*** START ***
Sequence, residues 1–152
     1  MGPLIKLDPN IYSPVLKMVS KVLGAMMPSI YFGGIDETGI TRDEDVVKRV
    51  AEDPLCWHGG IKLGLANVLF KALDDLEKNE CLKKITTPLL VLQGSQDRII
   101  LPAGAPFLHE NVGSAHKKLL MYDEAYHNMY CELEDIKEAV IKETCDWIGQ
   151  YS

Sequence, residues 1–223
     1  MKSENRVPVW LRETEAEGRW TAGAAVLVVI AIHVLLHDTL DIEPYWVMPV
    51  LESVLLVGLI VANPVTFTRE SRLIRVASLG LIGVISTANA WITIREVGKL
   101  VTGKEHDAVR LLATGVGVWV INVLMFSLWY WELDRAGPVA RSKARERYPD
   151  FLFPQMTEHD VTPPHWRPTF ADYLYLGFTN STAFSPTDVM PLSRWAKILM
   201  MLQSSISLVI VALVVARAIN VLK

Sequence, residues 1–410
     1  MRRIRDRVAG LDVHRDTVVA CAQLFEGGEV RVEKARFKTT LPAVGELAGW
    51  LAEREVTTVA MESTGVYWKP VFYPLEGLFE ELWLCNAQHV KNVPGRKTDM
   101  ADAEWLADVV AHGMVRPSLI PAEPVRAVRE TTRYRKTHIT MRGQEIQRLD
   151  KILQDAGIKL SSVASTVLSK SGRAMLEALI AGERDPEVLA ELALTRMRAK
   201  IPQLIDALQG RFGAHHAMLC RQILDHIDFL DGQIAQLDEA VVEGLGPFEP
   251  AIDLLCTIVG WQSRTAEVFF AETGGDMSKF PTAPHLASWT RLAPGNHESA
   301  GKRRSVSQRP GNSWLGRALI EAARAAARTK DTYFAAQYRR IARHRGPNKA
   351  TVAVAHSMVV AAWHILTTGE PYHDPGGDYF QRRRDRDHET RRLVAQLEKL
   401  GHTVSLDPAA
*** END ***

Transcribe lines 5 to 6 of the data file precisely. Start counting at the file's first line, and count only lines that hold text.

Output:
   151  YS

Sequence, residues 1–223